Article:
3) The costume is pretty much ordinary clothes, meaning that I could ride Public Transportation, wander in and out of Conventions and more or less blend in with the public.

4) The costume is extremely comfortable to wear, has comfortable shoes, and involves no mask, helmet, armour, wig, prosthetics, or cumbersome props. Being in my 60s now comfort is of prime importance. At Conventions I'll be in costume for 8 hours or more and it's no problem.

5) Dr Jones Sr doesn't carry any sort of weapon. This is a huge advantage going in and out of Cons and wandering about in public.

Other points I might mention:

1) It's nice to have a useful prop at Conventions. My Dr Jones Senior outfit includes an umbrella, which has shielded me from rain in Seattle and blazing hot sun in Arizona. Besides it gives me something to do with my hands when posing for photos. Another useful prop is a cup, so I can sip water as I walk around a Con and stay hydrated, or have coffee in the morning, or beer later in the day!

2) I feel it's critical for my costume to be very sturdy, with no bits which can get knocked off or broken. As people have mentioned your costume will take a beating! Even then I have duplicates of some items in my boot bin (see below)

3) Due to me being forgetful, I put EVERYTHING connected to a particular costume in a big bin, and when I'm off to a Con the bin goes in the boot. Therefore it's impossible to forget anything.

4) About weapons, yes to what Jediguy said. You have to check every Con, they're all different. One thing I've done is make props that have no metal whatsoever and no moving parts. I now have a lightsabre, a revolver, a dagger, and a sword all of which can pass through a metal detector. The dagger and sword are one-piece foam props, the scabbard and handle one piece, with no blade at all.

5 years into cosplaying, 6 characters now, all of them comfortable to wear all day, the only makeup is colouring my beard to various extents.

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Just another tidbit, I usually either take the first or last day to not be in costume and just enjoy the Con. I am usually in either full armor or in Spidey when I go to conventions and it's a lot of photo taking with people. I am usually exhausted by the end of the day to go and do anything other than eat and relax. I also leave a lot of my weapons and backpack accessories home if Im going just because Cons are usually crowded and someone will end up walking into something and not knowing it, Ive seen several people break parts of their costumes at Cons and events just due to crowds and/or tight places and have fun.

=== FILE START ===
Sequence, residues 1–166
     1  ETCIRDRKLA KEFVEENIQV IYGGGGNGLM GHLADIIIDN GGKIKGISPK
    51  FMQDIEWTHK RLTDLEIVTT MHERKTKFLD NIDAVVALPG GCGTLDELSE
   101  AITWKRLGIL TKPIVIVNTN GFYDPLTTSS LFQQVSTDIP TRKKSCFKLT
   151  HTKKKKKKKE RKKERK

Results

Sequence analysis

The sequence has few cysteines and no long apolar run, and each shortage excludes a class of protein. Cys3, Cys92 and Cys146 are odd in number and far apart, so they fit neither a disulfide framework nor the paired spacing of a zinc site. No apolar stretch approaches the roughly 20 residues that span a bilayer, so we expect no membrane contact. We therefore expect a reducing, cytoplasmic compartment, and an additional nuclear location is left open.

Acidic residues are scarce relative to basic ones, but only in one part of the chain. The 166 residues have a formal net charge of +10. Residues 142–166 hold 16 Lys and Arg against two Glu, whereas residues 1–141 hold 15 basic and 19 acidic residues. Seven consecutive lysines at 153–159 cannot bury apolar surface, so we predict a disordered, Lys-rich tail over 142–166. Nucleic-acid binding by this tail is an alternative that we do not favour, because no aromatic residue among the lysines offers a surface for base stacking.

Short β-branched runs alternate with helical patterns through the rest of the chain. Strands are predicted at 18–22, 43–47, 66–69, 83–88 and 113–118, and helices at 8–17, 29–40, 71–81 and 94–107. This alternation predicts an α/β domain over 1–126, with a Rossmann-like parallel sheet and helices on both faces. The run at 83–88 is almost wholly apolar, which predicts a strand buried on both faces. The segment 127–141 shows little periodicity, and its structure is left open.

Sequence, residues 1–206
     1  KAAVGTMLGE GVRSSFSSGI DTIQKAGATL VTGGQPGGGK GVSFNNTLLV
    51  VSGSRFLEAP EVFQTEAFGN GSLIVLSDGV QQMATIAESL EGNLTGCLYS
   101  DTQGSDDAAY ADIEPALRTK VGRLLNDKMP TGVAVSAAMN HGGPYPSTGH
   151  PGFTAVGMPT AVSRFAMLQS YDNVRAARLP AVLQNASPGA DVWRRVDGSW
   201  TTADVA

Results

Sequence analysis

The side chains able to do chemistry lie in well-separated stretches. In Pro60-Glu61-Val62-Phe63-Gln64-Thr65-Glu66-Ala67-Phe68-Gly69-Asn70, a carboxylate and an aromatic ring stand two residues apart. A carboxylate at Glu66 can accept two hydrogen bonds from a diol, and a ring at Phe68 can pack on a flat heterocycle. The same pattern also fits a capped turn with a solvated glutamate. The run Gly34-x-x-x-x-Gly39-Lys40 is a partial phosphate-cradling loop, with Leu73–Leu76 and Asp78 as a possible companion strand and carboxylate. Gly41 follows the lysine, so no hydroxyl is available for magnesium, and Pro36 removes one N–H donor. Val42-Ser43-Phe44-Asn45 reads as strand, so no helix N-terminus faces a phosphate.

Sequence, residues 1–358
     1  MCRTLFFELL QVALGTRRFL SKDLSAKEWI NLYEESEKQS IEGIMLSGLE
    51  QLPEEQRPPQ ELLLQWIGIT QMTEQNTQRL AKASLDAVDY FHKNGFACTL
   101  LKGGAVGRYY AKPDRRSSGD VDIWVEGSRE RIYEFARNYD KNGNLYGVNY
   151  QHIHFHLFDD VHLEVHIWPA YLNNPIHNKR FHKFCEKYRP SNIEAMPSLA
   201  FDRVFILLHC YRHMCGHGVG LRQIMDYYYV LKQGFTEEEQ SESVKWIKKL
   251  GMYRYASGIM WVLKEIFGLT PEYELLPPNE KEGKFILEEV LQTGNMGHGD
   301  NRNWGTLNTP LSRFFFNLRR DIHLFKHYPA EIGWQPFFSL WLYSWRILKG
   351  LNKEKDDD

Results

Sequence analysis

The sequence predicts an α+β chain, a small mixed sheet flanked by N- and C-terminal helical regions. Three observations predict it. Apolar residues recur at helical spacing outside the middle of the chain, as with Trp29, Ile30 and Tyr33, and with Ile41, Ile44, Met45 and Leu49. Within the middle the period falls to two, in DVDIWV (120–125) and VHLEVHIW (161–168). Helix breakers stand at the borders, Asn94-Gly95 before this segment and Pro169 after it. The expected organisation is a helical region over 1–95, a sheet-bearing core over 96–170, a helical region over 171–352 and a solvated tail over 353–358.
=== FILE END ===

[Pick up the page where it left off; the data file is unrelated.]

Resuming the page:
Hello cosplayers! I've been thinking about attending comic-con for the first time but I don't know anything about conventions, or cosplay. I mean, I've always loved the idea of going to one, but I've never been to one myself. If you guys could just let me know what I should do when cosplaying and what I should expect, please let me know. Thanks!
EDIT: I just realized I should clarify first off, like the list above that Dr. Jones Sr posted wouuuuld definitely qualify as experienced advice and is awesome. I am more referencing the almost dogmatic things and pedantry.
There's no fast or hard rules for it, my advice would be to strongly disregard those hard and fast "Rules" lists others have posted and stick to the general advice. The only one I found that really holds true is pick a day to go without the costume (Especially if you're a woman) as creeps track who you are by your outfit, so I like to pick the last day to go incognito, if you will to just shop and have fun. (Which is shopping). Cosplay is kind of like a job you pick and don't get paid for, so there's going to be many moments where folks will want to take photos with you, and after a while that can be fun (Especially if you get fun people) or awful if you get really... weird, folks and sadly, we're nerds, so we don't always get the socially capable.

When making any outfit, the quick list of good advice comes down to temperature, and how long you intend to wear it. Like to use star wars characters as a quick example. Mara Jade makes for a much longer lived costume than Chewbacca due to the fact that the other one's a furnace (Though never underestimate the power of the leather pants temperature size). If you're going as that fallout character your suggested (Which, fallout's a great first choice, I totally dig it.) you get to focus on getting the parts "right" over wondering if you can wear the costume or not.

In a perfect world, I like to get started well in advance so I can see if my idea's impractical or silly in any way, like my love for being alien skin colors adds a degree of heat that I often fail to take into account when I'm making the outfit. So I test it on some normal breathable clothing and if that's too rough, I might need to rethink things.

But for going to a con, enjoy. It's a magical place that exists only for a short while, it's nice to meet up with all those who love all this crazy stuff as much as you do. Have fun!